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Topless Women Protest Putin as Merkel Criticizes Russian Rights

Topless Women Protesters Rush at Merkel, Putin at Hanover Fair
A protester gestures towards Russian President Vladimir Putin during his visit with German Chancellor Angela Merkel to the Hanover trade fair. Photographer: Sasha Mordovets/Getty Images

April 8 (Bloomberg) -- Chancellor Angela Merkel criticized Russia’s treatment of civil society groups at a press conference in Germany with President Vladimir Putin after he was subjected to a protest by topless women shouting “dictator.”

Putin was in Hanover to open the annual trade fair, where Russia is this year’s partner country, after Russian authorities searched the local offices of non-governmental organizations such as Human Rights Watch and Amnesty International. The St. Petersburg office of the Konrad-Adenauer-Foundation, a body affiliated to Merkel’s Christian Democratic Union party, was searched March 26 by Russia’s state prosecutor.

Raids on NGOs are “a cause for concern,” Merkel said at a joint press conference with Putin in Hanover today. NGOs “must be able to do their work well and in freedom and without being hampered,” she said. “I made this clear” in talks with Putin.

Putin, who is traveling on to Amsterdam, dismissed the criticism, saying that Russia isn’t restricting the work of German NGOs and that he “liked” the topless protest. Russia had been warned in advance of the action, he said.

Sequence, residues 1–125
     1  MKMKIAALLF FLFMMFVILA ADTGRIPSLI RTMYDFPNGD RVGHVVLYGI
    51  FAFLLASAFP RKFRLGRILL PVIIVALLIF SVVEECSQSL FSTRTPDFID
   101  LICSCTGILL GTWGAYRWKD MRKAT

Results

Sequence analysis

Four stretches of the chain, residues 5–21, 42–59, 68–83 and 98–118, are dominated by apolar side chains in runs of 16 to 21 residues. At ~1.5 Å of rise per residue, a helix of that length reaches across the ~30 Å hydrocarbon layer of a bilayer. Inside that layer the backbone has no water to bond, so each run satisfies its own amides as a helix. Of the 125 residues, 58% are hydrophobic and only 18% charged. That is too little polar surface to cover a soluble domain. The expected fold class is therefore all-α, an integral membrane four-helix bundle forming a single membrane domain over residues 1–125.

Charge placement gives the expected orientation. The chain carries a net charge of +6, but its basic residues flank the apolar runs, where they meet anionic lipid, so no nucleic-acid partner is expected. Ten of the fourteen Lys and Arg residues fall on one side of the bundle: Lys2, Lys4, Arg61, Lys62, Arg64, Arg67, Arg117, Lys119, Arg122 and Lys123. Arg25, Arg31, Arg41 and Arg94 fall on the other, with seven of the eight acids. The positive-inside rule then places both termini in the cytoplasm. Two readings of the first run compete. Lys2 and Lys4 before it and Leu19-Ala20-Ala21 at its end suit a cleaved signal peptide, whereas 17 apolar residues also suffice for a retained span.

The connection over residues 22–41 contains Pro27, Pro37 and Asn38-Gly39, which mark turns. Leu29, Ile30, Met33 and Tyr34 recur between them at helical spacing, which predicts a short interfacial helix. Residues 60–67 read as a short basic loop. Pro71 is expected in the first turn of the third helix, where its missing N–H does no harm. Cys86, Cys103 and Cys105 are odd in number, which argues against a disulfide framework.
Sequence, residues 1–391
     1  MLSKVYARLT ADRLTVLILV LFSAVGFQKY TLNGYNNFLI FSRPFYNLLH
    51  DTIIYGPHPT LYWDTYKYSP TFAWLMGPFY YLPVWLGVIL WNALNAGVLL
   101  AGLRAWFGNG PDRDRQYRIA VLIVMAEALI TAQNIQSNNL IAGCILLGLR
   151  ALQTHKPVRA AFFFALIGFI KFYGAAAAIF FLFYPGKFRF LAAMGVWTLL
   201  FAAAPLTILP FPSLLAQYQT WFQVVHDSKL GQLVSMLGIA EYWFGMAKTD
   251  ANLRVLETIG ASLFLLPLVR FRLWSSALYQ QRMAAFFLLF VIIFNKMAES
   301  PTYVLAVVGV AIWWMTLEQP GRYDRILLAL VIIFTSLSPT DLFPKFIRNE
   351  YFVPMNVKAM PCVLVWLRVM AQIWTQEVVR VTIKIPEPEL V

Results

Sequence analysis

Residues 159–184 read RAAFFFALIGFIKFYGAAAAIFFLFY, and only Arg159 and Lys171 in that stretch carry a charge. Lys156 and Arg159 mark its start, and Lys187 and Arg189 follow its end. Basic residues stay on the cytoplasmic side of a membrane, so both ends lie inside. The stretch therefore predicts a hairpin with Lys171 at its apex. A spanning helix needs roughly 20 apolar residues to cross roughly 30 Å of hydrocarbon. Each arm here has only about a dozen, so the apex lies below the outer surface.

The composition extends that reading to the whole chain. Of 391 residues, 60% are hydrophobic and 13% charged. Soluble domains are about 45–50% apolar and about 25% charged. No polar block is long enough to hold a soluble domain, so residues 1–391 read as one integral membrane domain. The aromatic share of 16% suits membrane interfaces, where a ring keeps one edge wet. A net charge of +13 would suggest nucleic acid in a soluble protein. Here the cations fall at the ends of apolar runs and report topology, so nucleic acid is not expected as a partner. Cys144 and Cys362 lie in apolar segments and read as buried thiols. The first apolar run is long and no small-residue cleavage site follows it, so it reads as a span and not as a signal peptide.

Russian lawmakers last year required groups that receive money from abroad to register themselves as “foreign agents” and submit to tighter controls. Putin said today that 28.3 billion rubles ($900 million) has been transferred into NGO accounts in Russia so far this year.

‘Massive Financing’

“Our concern isn’t with the activities of the NGOs but with their massive financing from abroad -- that’s what we are talking about,” he said. “The freedom of these organizations is in no way being restricted. They just need to get registered.”

Putin said the money could have been better used if it were sent to help “problem-laden countries, including Cyprus.” Then “there would have been no need to fleece the poor depositors,” he said.

Earlier today during the leaders’ tour of the fair, security officials wrestled three or four women to the ground about 10 meters (30 feet) away as they rushed toward Merkel and Putin, who were visiting the Volkswagen AG stand at the time. The women had slogans daubed on their naked chests including “dictator” and were shouting slogans in English and Russian.

The Russian state-run Novosti news service said the women were members of the protest group Femen, which originated in Ukraine.

In March last year, Femen activists were arrested after they rushed at a polling station where Putin voted in Russia’s presidential elections, taking off their tops and shouting anti-Kremlin slogans about 15 minutes after Putin had left the precinct.

Brussels, Kiev

Topless protesters daubed with slogans criticizing the Russian leader have previously carried out anti-Putin protests in Brussels and Kiev. They have also conducted protests against Islam, the Russian Orthodox Church, human rights violations and sexual exploitation.

“Freedom of expression includes the right to demonstrate, but observance of the law is necessary,” Merkel said, when asked about today’s protests. “Differences of opinion must prevail in a democracy.”

All the same, the authorities had not been notified of the demonstration and are looking into the incident, she said. Merkel said she doubted that form of protest was necessary as one “can demonstrate in other ways.”

To contact the reporters on this story: Olga Tanas in Hanover, Germany at otanas@bloomberg.net; Brian Parkin in Berlin at bparkin@bloomberg.net

To contact the editors responsible for this story: Balazs Penz at bpenz@bloomberg.net; James Hertling at jhertling@bloomberg.net

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